The Demise of Borders

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Ryan Beltram, EDN

If you’ve driven past the Oakway Mall recently, you may have noticed Borders has had a lot of customers.  Typically that would be a great sign that business is doing well, but as most of us know, not in the case of the once giant book retailer.  According to an employee at the store, Borders plans to close some time in September.  More than 40 employees will have lost their jobs with the closure of the store that ironically started out as a used bookstore in Ann Arbor, Michigan.

The company officially  announced it  was bankrupt in  February and in July it was unable to find a buyer before its July 17 bidding deadline.  On July 22, the company began liquidating its remaining 399 stores including the one in Eugene.  But  you won’t get any sympathy from local bookstores in the Eugene area about Borders going under.  Tsunami Books owner Scott Landfield says a little  adversity in the book industry is normal.

“We’ve essentially been bankrupt for 15 years and we continue to work hard to keep our store open.  It’s unfortunate what’s happened to them, but I think them closing helps bring the focus back to buying local.”

When the last store sells its last book, Borders will have closed more than 500 stores and laid off thousands of employees as the big-box bookstore joins Blockbuster, Circuit City and Linens ‘n Things as victims of the recession.  But where did Borders go wrong?  Sure the recession had a significant impact on the demise of the company, but there were other factors that lead to Borders failing.

A good business anticipates changes in the way people consume their products and they act accordingly to ensure the business remains profitable.  In the early 2000s, Borders did the opposite of anticipating a new trend and they paid dearly for it.  In 2001, Borders turned over its internet operations to Amazon because its online business was losing money.  For the next seven years, it outsourced its online sales to Amazon and would only get a percentage of sales from Amazon in profit.  According to the company’s 2000 annual report, they envisioned Borders.com as nothing more than a convenient channel for customers.  No ability to purchase books straight from the website, just a place to be reminded of what they have.  Think of it as a place where you can look at the merchandise but you can’t touch it or take it home with you.

In the seven years that Borders decided not to profit significantly from online buying, Amazon went from being merely a book-buying site to becoming one of the leading online retailers.  According to Internet Retailer, E-commerce stocks rose 36% in 2010 and as web-only companies, Amazon ranked number one.  It wasn’t until 2008 that Borders announced its marketing alliance with Amazon was over and that they would be launching their own web sales site.  But by then it was too late.  Companies like Amazon and Wal-Mart had become leaders in book-buying retail and even Borders bookstore chain competitor, Barnes & Noble had focused on online sales years ago.  But it wasn’t just the internet that Borders was last in capitalizing on.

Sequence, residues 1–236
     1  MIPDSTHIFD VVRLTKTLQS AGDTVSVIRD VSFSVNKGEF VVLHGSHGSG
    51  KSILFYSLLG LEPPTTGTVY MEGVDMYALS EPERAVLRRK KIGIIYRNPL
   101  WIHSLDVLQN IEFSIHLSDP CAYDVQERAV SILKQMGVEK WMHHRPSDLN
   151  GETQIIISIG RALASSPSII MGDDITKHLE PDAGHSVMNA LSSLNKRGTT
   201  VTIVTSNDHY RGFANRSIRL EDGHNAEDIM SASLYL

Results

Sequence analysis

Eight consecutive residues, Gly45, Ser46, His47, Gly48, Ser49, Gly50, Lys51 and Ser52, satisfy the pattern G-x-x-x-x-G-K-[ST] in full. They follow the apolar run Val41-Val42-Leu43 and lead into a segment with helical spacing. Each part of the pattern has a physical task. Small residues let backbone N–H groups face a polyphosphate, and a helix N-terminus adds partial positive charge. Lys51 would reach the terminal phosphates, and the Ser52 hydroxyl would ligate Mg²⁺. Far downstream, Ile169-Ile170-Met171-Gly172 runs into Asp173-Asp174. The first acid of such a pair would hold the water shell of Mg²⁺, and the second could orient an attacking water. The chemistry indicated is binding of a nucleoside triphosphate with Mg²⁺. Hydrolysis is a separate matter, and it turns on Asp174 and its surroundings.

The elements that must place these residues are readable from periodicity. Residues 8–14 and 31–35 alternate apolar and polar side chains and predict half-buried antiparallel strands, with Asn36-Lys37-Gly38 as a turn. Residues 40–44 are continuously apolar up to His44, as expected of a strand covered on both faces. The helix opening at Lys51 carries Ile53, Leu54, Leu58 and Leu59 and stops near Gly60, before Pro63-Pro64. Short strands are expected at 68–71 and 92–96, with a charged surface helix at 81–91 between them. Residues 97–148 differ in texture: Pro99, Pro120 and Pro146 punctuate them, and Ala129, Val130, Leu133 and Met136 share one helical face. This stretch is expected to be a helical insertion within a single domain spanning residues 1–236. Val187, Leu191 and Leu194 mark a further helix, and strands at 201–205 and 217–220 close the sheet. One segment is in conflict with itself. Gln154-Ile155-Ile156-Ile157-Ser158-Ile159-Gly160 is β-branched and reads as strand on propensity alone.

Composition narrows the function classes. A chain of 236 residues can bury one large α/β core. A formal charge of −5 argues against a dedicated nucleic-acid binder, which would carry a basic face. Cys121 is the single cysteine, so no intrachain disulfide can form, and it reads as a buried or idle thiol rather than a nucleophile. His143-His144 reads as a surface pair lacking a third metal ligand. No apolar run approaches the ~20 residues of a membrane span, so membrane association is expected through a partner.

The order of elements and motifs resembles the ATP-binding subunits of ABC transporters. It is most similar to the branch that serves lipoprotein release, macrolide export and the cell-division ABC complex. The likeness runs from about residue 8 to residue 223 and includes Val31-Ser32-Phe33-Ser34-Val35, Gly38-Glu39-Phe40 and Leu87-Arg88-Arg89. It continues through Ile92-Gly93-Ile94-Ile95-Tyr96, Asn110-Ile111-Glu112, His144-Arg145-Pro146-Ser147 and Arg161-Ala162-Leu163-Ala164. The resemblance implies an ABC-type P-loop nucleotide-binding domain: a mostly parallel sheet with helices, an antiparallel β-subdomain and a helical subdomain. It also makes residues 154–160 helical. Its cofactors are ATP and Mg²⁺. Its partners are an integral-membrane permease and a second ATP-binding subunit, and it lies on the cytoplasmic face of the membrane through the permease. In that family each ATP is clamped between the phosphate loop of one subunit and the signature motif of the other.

A trendy new gadget called the e-reader was introduced by Amazon in November of 2007 when they debuted the Kindle.  Barnes & Noble introduced its Nook, now sold in Wal-Mart and Best Buy, in November 2009.  Apple’s iPad came out in April 2010.  Borders decided to wait until 2010 to release their own e-reader device called the Kobo.  But once again it was late to the party.  By July of 2010, Kindle book sales had surpassed hardcover book sales, and then six months later beat the paperback books sales rate.  The Nook while not as popular as the Kindle, boosted sales for Barnes & Noble during the holidays last year.  Everyone I know has either a Kindle or a Nook.  Who’s heard of the Kobo?  Whether or not it’s a better e-reader than the more popular devices is irrelevant.

Another area that the company failed to identify was the changing CD and DVD market.  In the 2000s, it generated hundreds of millions of dollars in sales of CDs and DVDs, and it expanded those sections in its stores.  But by the mid 2000s, companies like iTunes, Netflix and other file-sharing networks became popular and places like Virgin Records and Blockbuster saw declining revenue.  The same forces killing the bookstore now were doing the same thing to the music and video industry five years earlier and Borders did not anticipate that same fate for books.

The last factor Borders failed to correct was too much expansion.  It opened too many stores and signed too many 15-to-20-year leases, making it more difficult to close unprofitable locations.  The Eugene location has two more years left on its lease and whatever business follows will likely not be another big-box chain but rather several smaller businesses to fill the large space.

Looking at the facts, the main culprit in Borders demise was the internet.  The retail industry has become a challenging business, regardless of what you are selling, but in order to succeed you have to see changes before they happen and adapt.  Barnes & Noble looks smart now having recognized the trends in bookselling–the internet, e-readers, scaled-down stores as apposed to big-box stores.  But they may have delayed the inevitable themselves having announced bigger-than-expected losses this year.  Despite a rise in revenue thanks to digital sales, Barnes & Noble is struggling and for a company up for sale, the future does not look bright.

But at least they’ll still be here during the holidays.  All those customers going in and out of Borders right now will be gone come Christmas and the 25,000-square-foot space will be deserted.

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